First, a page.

Taita - History
Despite early contact with missionaries, little is known of the Taita before the Kenya Christian era (mid-1800s onwards), although the existence of six major divisions (or clans) would suggest that the Taita are in fact an amalgam of several different peoples, who probably arrived in present-day Taita-Taveta District in separate migrations possibly spread over several hundred years.
As to why they migrated here, this would most likely have been both to avoid cattle raids and attacks from both the Maasai to the west and the Oromo-speaking peoples from the north, and migrations by people who had lost their herds in such attacks. The hills, with their steep, fortress-like flanks, were an ideal refuge, being not only easy to defend, but also well-watered and lush, making agriculture a more than viable economic alternative to herding.
In the 1850s, the Reverend Johann Ludwig Krapf, the first missionary to travel to the Taita Hills (en route to 'discovering' Kilimanjaro, together with Johannes Rebmann), was positively enraptured by what he saw as:
"its rich variety of mountain, hill and dale covered by the most luxurious vegetation! I could have fancied myself on the Jura mountains near Basel," he exuded, "so beautiful was the country, so delightful the climate. Our way through plantations of Indian corn and beans, past small herds of cattle ... then along fields of sugar-cane and banana, till we descended into the valley with its rich pasture lands...
In this lovely green country of hills and valleys and running streams, exhilarating air that puts new life into limp and tired Coast residents, the natives are naturally brisker in their movements than those of the lower lands, and they have not so many unwholesome microbes to contend with! This beautiful land, however, cannot be reached without passing over the dreary and monotonous plain."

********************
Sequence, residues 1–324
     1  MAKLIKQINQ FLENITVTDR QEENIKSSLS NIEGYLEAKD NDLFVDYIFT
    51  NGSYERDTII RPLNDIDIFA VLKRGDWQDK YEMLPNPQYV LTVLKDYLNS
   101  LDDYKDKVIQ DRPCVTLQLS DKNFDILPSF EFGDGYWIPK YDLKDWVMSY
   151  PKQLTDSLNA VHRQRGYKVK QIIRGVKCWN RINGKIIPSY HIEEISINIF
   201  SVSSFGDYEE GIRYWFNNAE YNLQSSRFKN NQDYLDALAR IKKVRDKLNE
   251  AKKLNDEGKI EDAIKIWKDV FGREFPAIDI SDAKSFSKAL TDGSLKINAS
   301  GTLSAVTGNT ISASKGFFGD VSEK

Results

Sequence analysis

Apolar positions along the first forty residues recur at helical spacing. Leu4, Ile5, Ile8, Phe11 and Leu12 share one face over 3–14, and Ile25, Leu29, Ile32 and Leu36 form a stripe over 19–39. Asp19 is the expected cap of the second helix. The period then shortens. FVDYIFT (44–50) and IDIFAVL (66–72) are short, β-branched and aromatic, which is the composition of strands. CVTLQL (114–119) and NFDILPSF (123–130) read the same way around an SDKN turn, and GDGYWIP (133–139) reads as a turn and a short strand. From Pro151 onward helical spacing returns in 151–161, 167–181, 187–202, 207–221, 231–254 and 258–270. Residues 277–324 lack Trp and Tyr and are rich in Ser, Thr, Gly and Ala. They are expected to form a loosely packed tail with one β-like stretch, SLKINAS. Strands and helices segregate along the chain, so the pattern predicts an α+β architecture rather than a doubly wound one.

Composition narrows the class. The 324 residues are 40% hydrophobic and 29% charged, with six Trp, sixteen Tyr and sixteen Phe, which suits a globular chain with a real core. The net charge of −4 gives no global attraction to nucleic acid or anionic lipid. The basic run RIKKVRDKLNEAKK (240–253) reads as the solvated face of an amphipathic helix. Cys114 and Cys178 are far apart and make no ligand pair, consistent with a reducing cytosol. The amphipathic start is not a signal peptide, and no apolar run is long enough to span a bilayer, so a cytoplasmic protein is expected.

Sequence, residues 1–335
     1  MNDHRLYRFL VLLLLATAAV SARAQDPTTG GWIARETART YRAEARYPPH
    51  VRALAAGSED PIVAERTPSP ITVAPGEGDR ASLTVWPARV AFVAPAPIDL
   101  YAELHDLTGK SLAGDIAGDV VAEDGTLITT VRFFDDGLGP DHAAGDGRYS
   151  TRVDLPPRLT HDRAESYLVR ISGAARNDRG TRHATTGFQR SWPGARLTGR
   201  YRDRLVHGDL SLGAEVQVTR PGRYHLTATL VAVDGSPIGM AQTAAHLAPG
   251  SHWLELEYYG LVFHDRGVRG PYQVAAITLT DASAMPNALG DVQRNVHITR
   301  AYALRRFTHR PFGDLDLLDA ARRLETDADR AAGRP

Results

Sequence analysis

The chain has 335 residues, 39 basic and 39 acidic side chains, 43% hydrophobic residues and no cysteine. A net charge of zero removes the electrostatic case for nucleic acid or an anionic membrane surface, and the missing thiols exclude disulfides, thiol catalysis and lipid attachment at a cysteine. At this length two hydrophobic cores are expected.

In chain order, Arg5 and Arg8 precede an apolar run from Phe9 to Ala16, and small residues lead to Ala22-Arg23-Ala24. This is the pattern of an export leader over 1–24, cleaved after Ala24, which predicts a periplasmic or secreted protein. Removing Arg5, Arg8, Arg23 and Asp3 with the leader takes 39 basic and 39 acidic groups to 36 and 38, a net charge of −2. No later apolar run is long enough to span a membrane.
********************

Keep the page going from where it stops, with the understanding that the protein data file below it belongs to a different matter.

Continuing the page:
The name Taita itself is commonly said to originate from Kiswahili-speakers, who heard the inhabitants of Sagalla describe the region as "Teta" ('defensive', 'quarrelsome' or 'aggressive'?). By the beginning of the nineteenth century the Swahili had corrupted Teta into Taita and the name came to be applied both to the entire area and to its principal inhabitants. True or not, this story - as well as linguistic similarities between Kiswahili and Kitaita - points to the historical involvement of the Taita with the Swahili-dominated caravan trade. It is known for a fact that the Taita participated in the caravan trade with Pare and Usambara in Tanzania, with which they traded ivory and rhino horn in return for manufactured material goods.
Things changed suddenly - and violently - at the end of the nineteenth century, when the British began construction of their railway from Mombasa on the coast to Kampala in Uganda, which included a branch line from Voi to Taveta on the border with German East Africa, now Tanzania. To build the railway, the British needed both the land it would pass along, and the 'pacification' of the tribes whose territories they passed through. Obtaining the land was easy enough - they simply stole it. But obtaining 'peace' was more difficult, and the Taita, along with the Giriama, Kamba, Kikuyu, Kisii, the Nandi and the Elgeyo were all the receivers of brutal and vicious 'patrols' which many times ruthlessly killed men and women and exterminated their stock.
With the railway, of course, came European culture and religion. Attempts to convert the Taita to Christianity began in earnest after 1885, when the Church Missionary Society (CMS) began to spread its activities inland, and by 1892, the first Catholic Mission was established at Bura, which is now Bura Girls High School. Mbale Mission Centre, near Wundanyi, followed in 1900, and then what is still one of the biggest Taita Churches, at Wusi Mission, in 1905.
More than a century of contact with Europeans and Christianity has considerably 'westernized' the Taita, although they have culturally also been exposed to Kenyan influences, notably from Kamba and Kikuyu traders. Yet despite these changes, the Taita remain a remarkably homogenous group, due in part - I have no doubt - to the respect they continue to show their ancestors.